- The Washington Times - Wednesday, March 1, 2017

The Dow Jones hit 21,000 the day following President Trump’s joint address to Congress — a new record.

According to polling conducted immediately after Mr. Trump’s speech, Americans were left feeling high.

Nearly seven in 10 watchers said Mr. Trump’s address made them feel more optimistic about the direction of the country, according to a CNN/ORC poll. Fifty-seven percent who tuned in said they had a very positive reaction to the speech.

A CBS News instant poll found similar results.

Asked how Mr. Trump’s speech made them feel about what his administration will do, 84 percent of Republicans felt more optimistic, as did 24 percent of Democrats.



Although half of Democrats found Mr. Trump’s address “divisive,” about one-third also said Mr. Trump sounded “specific” and “knowledgeable.”

Fox News Chris Wallace declared that Mr. Trump’s speech was one of the best joint sessions of Congress he’d heard since former President Ronald Reagan’s address 36 years ago, because of its “deeply emotional” message.

And it was emotional — patriotism abounded.

One of the most touching moments of the night was when Mr. Trump honored the widow of fallen Navy Seal William “Ryan” Owens, who died in a raid outside of Yemen that was one of the first military directives that Mr. Trump authorized.

Mr. Trump’s administration has been hammered by the press on whether it considered the raid “successful” because of the loss of life and questioned the value of the intelligence it collected.

“We are blessed to be joined tonight by Carryn Owens, the widow of a U.S. Navy Special Operator, Senior Chief William “Ryan” Owens. Ryan died as he lived: a warrior, and a hero, battling against terrorism and securing our nation,” Mr. Trump said.

“I just spoke to General [Jim] Mattis, who reconfirmed that, and I quote, ‘Ryan was a part of a highly successful raid that generated large amounts of vital intelligence that will lead to many more victories in the future against our enemies.’ Ryan’s legacy is etched into eternity,” Mr. Trump concluded solemnly.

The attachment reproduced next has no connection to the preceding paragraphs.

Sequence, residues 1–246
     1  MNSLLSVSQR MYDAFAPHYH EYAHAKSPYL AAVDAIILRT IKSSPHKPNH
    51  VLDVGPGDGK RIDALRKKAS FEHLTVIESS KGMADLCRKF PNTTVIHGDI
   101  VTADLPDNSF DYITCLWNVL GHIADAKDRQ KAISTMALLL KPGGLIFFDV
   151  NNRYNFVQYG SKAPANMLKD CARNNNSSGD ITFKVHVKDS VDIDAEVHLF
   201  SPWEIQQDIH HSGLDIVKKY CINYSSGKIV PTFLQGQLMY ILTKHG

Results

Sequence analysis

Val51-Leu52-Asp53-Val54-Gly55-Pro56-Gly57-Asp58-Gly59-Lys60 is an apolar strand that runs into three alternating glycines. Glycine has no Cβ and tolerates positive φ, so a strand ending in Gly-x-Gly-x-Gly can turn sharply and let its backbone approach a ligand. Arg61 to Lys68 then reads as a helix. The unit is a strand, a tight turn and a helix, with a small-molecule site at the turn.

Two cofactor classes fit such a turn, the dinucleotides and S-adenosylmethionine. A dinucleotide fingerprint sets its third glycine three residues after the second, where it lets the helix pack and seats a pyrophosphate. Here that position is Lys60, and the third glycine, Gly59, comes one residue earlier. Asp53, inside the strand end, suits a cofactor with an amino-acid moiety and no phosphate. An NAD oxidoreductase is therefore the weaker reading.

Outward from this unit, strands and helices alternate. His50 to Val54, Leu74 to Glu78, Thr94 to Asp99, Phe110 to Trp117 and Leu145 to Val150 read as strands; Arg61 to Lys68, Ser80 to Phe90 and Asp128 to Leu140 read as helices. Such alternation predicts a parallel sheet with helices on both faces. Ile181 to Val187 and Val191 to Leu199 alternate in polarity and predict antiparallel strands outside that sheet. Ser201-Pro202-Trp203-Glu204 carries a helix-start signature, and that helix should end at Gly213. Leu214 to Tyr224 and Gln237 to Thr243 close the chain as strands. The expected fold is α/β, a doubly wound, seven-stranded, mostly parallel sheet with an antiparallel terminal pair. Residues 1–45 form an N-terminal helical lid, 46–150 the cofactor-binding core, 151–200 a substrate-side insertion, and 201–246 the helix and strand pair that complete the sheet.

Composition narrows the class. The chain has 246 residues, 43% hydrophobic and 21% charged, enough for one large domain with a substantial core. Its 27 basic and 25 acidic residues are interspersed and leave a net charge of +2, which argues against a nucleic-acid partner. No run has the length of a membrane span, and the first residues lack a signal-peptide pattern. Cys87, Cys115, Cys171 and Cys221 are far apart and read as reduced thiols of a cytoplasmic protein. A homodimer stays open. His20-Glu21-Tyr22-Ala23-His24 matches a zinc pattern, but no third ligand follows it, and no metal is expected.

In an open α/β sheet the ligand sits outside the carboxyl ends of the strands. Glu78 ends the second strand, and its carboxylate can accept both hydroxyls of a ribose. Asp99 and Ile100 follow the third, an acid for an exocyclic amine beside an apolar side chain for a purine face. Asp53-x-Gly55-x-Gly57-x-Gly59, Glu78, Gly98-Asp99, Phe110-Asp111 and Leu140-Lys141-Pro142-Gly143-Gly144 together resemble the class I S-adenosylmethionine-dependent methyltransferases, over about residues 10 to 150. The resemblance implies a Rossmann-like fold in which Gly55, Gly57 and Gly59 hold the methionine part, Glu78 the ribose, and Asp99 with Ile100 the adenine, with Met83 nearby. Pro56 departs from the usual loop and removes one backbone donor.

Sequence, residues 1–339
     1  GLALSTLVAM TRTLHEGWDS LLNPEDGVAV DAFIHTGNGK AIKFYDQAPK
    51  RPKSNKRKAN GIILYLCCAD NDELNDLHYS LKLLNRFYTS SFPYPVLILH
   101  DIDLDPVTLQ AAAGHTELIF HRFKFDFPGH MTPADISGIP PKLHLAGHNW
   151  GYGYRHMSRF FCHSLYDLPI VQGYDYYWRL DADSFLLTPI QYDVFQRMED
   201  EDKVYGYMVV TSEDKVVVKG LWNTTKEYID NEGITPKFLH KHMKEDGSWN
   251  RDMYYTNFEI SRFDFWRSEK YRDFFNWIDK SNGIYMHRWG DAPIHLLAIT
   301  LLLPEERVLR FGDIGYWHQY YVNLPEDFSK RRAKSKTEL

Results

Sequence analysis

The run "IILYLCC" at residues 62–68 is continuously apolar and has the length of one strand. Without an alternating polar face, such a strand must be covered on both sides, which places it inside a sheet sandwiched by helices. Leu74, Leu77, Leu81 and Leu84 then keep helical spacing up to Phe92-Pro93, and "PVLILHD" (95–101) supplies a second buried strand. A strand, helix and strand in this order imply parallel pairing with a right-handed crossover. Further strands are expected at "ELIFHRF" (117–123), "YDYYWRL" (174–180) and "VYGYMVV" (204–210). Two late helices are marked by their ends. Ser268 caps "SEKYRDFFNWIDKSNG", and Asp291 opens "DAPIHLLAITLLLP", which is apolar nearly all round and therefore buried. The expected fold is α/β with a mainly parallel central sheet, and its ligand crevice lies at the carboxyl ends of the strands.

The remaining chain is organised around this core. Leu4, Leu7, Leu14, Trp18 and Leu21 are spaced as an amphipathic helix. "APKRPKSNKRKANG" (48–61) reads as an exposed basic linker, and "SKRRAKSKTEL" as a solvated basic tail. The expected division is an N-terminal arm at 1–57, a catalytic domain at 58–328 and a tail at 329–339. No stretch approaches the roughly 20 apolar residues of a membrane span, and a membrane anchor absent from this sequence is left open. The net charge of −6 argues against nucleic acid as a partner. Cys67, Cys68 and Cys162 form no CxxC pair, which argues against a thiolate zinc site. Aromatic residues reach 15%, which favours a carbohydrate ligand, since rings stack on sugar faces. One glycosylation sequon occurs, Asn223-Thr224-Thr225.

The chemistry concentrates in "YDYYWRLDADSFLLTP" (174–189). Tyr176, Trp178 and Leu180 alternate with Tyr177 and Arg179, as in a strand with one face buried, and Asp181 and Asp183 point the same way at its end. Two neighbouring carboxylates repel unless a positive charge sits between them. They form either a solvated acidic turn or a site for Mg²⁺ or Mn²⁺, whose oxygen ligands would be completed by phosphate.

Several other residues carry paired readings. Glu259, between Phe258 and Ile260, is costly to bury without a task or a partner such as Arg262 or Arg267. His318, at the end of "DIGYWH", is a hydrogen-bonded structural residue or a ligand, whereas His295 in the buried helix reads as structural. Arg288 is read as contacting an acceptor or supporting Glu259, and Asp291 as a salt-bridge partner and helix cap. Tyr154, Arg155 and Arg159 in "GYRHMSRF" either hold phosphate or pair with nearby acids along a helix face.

There were tears in Mrs. Owens eyes. She was so proud, and I was so proud of her – of her and her husband’s sacrifice for our country. Both Democrats and Republicans stood. It was a moment that unified.

CNN’s Van Jones — a liberal commentator — said of a replay of the exchange: “That was one of the most extraordinary moments you have ever seen in American politics.”

So was the honoring of the late Justice Antonin Scalia’s widow, who also stood in the gallery, by Mr. Trump as tears filled her eyes.

“Justices never clap, let alone stand, during speeches to joint session, but they did for my mom. Beautiful,” Christopher Scalia wrote on Twitter.

On his message of economic nationalism — of getting the economy up and humming again for the everyday, average American — even Mr. Trump’s most partisan critics finally were able to understand.

“We must restart the engine of the American economy, make it easier for companies to do business in the United States and much harder for companies to leave. I thought it was a winner politically. I think it was probably the reason he was elected in Michigan, Wisconsin, Pennsylvania and Ohio. It is his winning the ticket: economic nationalism,” MSNBC host Chris Matthews said after the speech.

Even David Axelrod, a former Obama senior adviser, was impressed.

“If I’m on the Trump team, I’m very, very happy with this speech. … There will be an afterglow from this speech. He should get a bump in the polls,” Mr. Axelrod explained.

Indeed. A bump in the polls, a bump in the market, and a nice, healing dose of optimism for everyone.

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